For instance, ODH questioned Warner about newsletter pieces noting National Masturbation Month; Honor Our LGBT Elders Day; International Day Against Homophobia, Pansexual and Panromantic Visibility Day; SLAM (Sexuality, Liberators, and Movers); Black and Blue – Suicide in our own Leather, Kink and Queer Communities; and National Condom Month.
Warner said the investigators were particularly interested in the masturbation month element. As she told them, masturbation acts as a preventative to reduce STI transmission. It also functions as a sexual alternative for people who test positive for an STI who don’t wish to spread it to others. Nicosia made similar comments in her interview with HR.
The mifepristone bit overshadowed a grim snapshot of STIs in Ohio noted in Warner’s newsletter. Syphilis, it states, is rising across Ohio in adults and newborn babies of infected mothers. Total syphilis cases increased 46% over a three-year period, and congenital (spreading to a fetus) cases increased from 19 in 2019 to 48 in 2021 — a 152% leap.
During the interview, Warner noted she knew that ODH couldn’t work with Planned Parenthood or award it any grants. The investigators asked if she knew why.
The technical answer: In 2016, Gov. John Kasich signed a GOP-backed law requiring ODH to ensure that its various programs to combat diseases like HIV or cervical cancer didn’t award grants to organizations that perform or promote “non-therapeutic” abortions. The law was upheld in 2019 by a federal appellate court in a challenge brought by Planned Parenthood of Greater Ohio, which provides abortions along with many other services like cervical cancer screenings and HIV testing.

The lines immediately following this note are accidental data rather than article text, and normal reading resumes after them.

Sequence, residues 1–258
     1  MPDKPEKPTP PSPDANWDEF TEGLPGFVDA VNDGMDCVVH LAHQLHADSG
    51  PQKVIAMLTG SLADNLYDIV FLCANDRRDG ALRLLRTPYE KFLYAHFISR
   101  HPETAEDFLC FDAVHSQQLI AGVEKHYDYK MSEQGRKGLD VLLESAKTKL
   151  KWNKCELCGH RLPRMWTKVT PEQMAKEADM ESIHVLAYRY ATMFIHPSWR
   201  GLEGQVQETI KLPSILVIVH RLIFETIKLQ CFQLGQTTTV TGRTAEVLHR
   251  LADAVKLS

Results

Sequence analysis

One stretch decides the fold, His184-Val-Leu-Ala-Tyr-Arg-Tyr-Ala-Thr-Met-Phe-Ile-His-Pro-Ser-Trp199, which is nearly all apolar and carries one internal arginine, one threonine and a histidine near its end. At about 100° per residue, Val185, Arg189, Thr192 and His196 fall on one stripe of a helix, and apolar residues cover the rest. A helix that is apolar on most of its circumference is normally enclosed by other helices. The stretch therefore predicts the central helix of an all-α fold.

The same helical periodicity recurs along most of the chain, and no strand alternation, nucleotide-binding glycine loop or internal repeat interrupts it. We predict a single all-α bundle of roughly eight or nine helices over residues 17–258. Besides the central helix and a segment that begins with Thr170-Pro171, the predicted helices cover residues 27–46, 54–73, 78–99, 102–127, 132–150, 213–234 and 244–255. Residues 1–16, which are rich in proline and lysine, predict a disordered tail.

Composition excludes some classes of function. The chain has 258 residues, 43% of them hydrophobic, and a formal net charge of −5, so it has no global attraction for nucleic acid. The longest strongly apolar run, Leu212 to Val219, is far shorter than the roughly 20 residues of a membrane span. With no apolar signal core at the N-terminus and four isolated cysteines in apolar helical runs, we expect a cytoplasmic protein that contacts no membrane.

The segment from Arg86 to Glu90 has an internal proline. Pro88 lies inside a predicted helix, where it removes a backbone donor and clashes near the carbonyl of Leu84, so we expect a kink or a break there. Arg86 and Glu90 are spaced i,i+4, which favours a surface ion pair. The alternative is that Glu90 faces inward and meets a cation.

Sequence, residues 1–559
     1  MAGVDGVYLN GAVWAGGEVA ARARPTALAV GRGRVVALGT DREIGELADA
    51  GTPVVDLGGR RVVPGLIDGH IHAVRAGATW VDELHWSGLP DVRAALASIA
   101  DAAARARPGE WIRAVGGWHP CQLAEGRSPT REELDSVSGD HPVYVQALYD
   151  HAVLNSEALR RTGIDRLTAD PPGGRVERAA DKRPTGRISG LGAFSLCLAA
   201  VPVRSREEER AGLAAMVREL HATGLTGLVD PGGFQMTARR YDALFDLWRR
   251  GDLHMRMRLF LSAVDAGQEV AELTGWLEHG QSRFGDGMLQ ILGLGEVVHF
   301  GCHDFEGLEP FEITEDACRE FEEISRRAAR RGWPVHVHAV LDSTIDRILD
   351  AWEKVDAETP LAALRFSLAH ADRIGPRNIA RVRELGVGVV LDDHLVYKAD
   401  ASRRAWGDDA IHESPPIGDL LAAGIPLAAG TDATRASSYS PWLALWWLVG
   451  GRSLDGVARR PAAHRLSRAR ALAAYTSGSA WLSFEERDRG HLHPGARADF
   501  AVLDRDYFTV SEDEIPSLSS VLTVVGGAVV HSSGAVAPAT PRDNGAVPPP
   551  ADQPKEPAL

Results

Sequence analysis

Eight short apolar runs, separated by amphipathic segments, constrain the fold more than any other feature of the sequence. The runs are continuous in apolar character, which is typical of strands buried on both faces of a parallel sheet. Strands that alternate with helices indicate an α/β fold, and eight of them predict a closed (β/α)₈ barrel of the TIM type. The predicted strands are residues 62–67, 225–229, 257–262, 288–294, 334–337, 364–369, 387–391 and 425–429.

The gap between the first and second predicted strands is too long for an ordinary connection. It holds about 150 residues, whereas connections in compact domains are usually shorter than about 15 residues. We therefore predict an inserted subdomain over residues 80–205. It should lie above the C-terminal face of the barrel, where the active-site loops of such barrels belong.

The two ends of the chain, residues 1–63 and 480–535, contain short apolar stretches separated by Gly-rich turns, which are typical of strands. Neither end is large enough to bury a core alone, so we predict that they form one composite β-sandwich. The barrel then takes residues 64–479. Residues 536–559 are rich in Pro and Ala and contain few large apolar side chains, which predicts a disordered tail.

Warner, however, answered that it’s because politicians’ “ignorance and opinions get in the way of providing access to necessary health care to Ohioans.”
Investigators later said Warner “displayed contempt and disrespect to elected leaders” in response to her questioning.
ODH did not respond to a list of specific questions for this article. Ken Gordon, a department spokesman, said the department generally doesn’t comment on personnel matters. However, he said ODH “disagrees with the characterization of why the employee was terminated.” He declined to answer follow-up questions.
“As to the issue of abortion, the department follows applicable laws, including Ohio Revised Code 3701.034, which prohibits the use of funding to promote non-therapeutic abortion,” he said.
Warner’s firing occurred amid a fever pitch of the fight over abortion access in America. The newsletter itself came out three days after the news outlet Politico obtained a leaked, draft version of a Supreme Court decision that reportedly had the votes to overturn Roe v. Wade. She was fired in late June. The Supreme Court is expected to issue its final opinion in the case by month’s end.
Nicosia noted the timing in her interview with ODH and accused Warner of being an advocate. Warner said she was doing her job as a public health worker.
This story was originally published by the Ohio Capital Journal and is republished here with permission.